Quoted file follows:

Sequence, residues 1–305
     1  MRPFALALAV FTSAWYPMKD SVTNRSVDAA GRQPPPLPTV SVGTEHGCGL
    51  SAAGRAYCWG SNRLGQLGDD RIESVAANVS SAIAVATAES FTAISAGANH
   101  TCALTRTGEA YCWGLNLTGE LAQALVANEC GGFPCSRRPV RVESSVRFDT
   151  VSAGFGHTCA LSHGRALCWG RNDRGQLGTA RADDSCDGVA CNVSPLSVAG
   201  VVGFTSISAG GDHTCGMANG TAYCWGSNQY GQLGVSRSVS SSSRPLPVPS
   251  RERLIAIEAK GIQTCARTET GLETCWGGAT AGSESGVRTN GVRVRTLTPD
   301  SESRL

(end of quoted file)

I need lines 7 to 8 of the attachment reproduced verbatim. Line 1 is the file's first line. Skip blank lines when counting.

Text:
   251  RERLIAIEAK GIQTCARTET GLETCWGGAT AGSESGVRTN GVRVRTLTPD
   301  SESRL